WAS DIEHR A FLOOK IN THE SYSTEM? A SYSTEMS ANALYSIS FOR TWO LANDMARK PATENT ELIGIBILITY SUPREME COURT DECISIONS

Abstract

As far back as the 1970s, the Supreme Court has wrestled with the issue of whether patents should be granted for computer software and mathematical algorithms.  The Supreme Court tailored the definition of patentable subject matter through three landmark decisions, which have colloquially become known as the “patent eligibility trilogy.”  While the Court’s intention may have been to add clarity to a broad statute, the patent eligibility trilogy has long been the source of confusion and frustration among practitioners. It has become common when discussing these decisions for authors to take a cursory look at the underlying technical aspects of the cases and advance straight into the legal aspects. Conversely, this article will give a brief history of the well-documented legal progression in order to go in-depth exploring the technology behind the two contrasting holdings in Flookand Diehr in the aims of furthering the discussion and understanding of the Court’s precedent.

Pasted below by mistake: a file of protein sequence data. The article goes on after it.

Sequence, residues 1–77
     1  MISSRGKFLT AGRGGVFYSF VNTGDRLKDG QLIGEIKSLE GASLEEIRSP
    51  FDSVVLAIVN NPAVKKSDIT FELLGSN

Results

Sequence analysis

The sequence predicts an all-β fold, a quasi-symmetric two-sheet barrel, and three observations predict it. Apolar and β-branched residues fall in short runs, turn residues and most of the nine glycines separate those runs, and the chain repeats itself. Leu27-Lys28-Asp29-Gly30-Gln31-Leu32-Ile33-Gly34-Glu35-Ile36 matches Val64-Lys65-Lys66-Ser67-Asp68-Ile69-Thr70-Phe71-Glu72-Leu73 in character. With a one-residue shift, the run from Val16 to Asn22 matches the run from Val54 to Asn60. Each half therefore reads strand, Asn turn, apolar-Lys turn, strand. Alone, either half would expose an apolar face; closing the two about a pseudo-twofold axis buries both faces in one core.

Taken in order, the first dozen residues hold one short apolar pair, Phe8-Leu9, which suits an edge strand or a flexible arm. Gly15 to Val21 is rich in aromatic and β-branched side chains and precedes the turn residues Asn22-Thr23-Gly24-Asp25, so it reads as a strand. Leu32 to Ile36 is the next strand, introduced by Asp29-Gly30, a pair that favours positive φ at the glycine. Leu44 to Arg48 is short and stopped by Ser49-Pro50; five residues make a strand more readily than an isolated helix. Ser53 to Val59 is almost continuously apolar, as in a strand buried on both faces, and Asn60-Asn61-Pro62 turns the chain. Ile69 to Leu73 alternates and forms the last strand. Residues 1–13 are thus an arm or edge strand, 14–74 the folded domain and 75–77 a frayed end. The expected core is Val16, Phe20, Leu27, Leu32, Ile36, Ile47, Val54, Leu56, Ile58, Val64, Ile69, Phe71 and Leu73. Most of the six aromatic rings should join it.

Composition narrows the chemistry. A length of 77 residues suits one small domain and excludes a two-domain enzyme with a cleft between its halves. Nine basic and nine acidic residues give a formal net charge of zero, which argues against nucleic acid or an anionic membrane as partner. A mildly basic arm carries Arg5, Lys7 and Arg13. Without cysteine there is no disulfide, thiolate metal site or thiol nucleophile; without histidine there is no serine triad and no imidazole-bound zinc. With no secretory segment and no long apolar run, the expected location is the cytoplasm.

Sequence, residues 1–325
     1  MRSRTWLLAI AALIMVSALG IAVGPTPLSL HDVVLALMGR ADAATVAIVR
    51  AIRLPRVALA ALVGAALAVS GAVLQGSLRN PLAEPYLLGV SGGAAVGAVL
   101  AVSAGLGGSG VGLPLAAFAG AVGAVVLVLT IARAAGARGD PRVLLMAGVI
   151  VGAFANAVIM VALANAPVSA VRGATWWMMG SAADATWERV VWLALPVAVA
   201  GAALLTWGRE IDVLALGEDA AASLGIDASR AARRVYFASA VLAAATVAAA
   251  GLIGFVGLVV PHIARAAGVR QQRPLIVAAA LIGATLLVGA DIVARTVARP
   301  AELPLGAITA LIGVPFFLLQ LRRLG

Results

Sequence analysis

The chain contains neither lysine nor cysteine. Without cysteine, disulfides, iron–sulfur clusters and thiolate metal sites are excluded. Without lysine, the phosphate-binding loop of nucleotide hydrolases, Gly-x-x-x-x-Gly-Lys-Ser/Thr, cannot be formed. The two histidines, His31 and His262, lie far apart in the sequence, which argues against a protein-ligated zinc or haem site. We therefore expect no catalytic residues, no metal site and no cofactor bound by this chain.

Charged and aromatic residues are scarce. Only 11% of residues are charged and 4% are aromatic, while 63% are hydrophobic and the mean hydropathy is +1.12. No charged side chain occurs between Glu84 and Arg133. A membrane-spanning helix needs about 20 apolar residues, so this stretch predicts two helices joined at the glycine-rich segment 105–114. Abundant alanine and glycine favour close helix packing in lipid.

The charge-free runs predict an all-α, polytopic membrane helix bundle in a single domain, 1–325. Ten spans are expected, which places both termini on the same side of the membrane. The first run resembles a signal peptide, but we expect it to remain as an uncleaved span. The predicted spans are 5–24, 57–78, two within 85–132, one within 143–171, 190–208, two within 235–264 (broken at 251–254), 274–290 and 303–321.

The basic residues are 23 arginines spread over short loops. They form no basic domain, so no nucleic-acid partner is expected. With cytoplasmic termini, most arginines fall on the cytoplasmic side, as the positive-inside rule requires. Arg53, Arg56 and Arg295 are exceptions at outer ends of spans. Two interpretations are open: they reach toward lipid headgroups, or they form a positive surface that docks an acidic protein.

For the full article, see:

Tyler Train, Was Diehr A Flook in the System? A Systems Analysis for Two Landmark Patent Eligibility Supreme Court Decisions, 44 Rutgers Computer & Tech. L.J. 192 (2018)

 

© 2018 Tyler Train

ttrain@wkbllp.com